The student voice of Washington State University since 1895

The Daily Evergreen

The student voice of Washington State University since 1895

The Daily Evergreen

The student voice of Washington State University since 1895

The Daily Evergreen

Council member candidates, a voice for the Pullman community

League of Women Voters forum for the Pullman City Council Candidates
From left to right: Holly Greystone, Eric Fejeran, Pat Wright and CJ Robert in city council panel, Oct. 12, in Pullman, Wash.

The League of Women Voters of Pullman hosted a voter forum to hear from Pullman City Council Candidates at Neill Public Library on Thursday. 

City council candidates, members of the community and the league gathered for a question and answer session that gave community members a chance to ask the candidates questions relating to their outlook on Pullman and their plans as prospective council members.

Present at the meeting were Ward 3 candidates, CJ Robert and Pat Wright, a current Ward 3 city council member. Ward 3 council members represent people within a large portion of southeastern Pullman, all the way out to the Pullman-Moscow Regional Airport.  Also present were the At Large Candidates Eric Fejeran and Holly Greystone. 

Ward one candidates Dan Maher and Ann Parks were supposed to attend the forum, however Maher informed officials he is no longer running, but did not formally withdraw from the race so his name will still be on the ballot, and Parks was out with an unexpected medical issue, Deborah Olson, League of Women Voters member, said.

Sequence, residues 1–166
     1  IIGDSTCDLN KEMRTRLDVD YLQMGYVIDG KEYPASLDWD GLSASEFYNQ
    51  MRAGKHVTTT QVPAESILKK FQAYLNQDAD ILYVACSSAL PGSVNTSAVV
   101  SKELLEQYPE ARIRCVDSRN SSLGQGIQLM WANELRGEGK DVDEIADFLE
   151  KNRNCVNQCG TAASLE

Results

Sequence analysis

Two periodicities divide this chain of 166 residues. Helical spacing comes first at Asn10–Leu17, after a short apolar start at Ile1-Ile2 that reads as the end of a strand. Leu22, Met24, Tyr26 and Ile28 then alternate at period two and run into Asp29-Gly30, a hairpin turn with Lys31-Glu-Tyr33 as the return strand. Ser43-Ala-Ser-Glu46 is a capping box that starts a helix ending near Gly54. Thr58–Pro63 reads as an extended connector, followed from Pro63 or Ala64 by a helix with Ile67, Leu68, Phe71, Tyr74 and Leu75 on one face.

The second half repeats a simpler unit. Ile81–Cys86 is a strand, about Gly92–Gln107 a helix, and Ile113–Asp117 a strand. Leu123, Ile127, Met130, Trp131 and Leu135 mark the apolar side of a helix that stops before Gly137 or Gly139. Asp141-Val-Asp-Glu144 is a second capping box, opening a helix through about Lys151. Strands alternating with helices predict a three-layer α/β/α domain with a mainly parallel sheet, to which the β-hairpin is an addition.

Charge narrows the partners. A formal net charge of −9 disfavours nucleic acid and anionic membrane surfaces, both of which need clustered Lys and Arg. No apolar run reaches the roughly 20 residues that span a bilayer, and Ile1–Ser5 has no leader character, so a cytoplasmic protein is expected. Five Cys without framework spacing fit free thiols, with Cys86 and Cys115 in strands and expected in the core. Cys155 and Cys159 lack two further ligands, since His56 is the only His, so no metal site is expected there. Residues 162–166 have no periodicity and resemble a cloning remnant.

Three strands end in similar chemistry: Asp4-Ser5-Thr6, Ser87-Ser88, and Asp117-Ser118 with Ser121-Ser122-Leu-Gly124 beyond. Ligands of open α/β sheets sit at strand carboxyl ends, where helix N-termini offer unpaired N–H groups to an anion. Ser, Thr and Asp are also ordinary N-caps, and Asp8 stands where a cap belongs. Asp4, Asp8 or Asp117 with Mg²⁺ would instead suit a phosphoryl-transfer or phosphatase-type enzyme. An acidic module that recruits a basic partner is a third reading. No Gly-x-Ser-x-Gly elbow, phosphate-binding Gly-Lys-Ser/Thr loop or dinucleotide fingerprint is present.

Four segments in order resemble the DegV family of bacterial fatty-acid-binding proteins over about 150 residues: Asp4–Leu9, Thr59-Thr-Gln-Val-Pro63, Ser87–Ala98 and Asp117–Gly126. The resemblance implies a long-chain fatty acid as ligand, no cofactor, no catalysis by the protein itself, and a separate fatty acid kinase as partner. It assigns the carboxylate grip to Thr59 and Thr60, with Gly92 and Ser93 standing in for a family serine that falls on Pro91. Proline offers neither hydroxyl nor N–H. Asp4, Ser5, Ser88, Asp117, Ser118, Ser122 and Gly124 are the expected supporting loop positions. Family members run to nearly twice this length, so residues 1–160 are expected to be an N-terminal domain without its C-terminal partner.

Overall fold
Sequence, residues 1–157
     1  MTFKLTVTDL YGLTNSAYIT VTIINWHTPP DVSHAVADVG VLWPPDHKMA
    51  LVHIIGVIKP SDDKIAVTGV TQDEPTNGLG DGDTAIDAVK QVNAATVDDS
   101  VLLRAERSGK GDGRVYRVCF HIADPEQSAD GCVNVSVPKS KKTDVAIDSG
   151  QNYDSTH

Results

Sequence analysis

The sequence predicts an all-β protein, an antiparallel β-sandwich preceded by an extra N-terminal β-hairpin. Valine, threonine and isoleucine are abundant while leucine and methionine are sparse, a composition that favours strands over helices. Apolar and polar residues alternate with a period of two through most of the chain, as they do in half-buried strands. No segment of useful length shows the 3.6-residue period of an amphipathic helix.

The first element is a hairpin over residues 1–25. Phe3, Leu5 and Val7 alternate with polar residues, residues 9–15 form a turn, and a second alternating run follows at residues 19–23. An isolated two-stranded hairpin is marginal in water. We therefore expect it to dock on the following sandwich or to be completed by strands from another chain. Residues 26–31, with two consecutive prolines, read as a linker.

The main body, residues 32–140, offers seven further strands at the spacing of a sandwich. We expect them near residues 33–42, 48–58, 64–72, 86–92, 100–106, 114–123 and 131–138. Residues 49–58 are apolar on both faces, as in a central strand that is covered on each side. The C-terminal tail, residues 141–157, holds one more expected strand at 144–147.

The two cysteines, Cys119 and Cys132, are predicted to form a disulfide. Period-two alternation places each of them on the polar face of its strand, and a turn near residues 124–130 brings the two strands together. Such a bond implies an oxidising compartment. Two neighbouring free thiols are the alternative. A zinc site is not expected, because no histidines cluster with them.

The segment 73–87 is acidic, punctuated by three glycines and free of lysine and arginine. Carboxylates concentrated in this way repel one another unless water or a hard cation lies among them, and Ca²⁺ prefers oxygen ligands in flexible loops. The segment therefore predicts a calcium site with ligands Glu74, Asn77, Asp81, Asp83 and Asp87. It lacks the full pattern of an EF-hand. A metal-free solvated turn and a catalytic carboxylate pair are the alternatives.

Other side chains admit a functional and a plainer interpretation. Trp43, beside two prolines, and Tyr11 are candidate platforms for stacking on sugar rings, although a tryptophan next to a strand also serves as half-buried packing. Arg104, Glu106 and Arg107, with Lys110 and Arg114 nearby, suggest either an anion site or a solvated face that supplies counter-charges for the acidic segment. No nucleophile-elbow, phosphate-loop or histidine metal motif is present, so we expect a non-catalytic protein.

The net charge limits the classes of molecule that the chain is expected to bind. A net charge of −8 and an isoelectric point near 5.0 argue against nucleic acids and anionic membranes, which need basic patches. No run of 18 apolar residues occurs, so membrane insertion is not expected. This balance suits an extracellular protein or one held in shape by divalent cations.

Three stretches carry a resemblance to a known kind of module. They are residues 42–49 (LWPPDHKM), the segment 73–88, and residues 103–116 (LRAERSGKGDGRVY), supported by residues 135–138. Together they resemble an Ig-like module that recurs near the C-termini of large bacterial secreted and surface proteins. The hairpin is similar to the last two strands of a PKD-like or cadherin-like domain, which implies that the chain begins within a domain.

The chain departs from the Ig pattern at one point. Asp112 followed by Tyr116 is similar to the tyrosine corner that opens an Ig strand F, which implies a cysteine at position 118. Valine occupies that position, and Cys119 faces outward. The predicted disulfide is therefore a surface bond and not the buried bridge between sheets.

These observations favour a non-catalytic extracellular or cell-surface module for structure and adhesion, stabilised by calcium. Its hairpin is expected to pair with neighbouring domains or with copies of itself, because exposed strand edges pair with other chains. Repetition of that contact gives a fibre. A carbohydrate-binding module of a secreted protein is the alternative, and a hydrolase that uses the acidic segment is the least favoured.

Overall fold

League of Women Voters of Pullman is a nonpartisan political organization that prioritizes active engagement of citizens in government, and influences public policy within the community. They hosted this event in preparation for the primary election on Nov. 7. 

Olson moderated the session and began by asking candidates what they see their job would be as a city council member. 

As a city council member, they should be the channel between the community and city government, Robert said. She hopes to bridge the gap between these two groups and be a loud voice for the community, whether that be by utilizing AI to help out in local government, or advocating for Pullman citizens’ wants and needs, Robert said.

“When I say stuff will get done, you can guarantee I’m going to put 150% into it,” Robert said. 

As a council member for the last 15 years, Wright knows how the city operates and how important their role is in making and following through with policy, she said. Often voters do not understand that the council is bound by specific regulations of what they can and cannot do by the state and federal government, so she aims to work through that bureaucracy with the rest of the council members to be the best representation for community members, Wright said. 

Council members’ job is to be a voice for the community, plain and simple, Fejeran said.

Greystone plans to be a big voice for the community as their job as council members is to push their own agenda, but to also listen to the community’s wants and needs for their city, she said.

“Our job is to listen to you, and work for you, and be a good steward of both the information and the funding that comes into our systems,” Greystone said. 

Holly Greystone addresses city members during city council candidate panel, Oct. 12, in Pullman, Wash.

Olson asked candidates what they think is the biggest issue Pullman is currently facing. 

The most obvious problem right now is the Project Downtown plan and the infrastructure issues along Main Street, Wright said. Fejeran said he agreed with Wright, but is also worried about WSU enrollment and what Pullman is going to look like after the Pac-12 crisis. Robert agreed with Wright about Project Downtown, but the overarching issue is the downtown master plan, and continuing to look for grant money to support these projects, she said.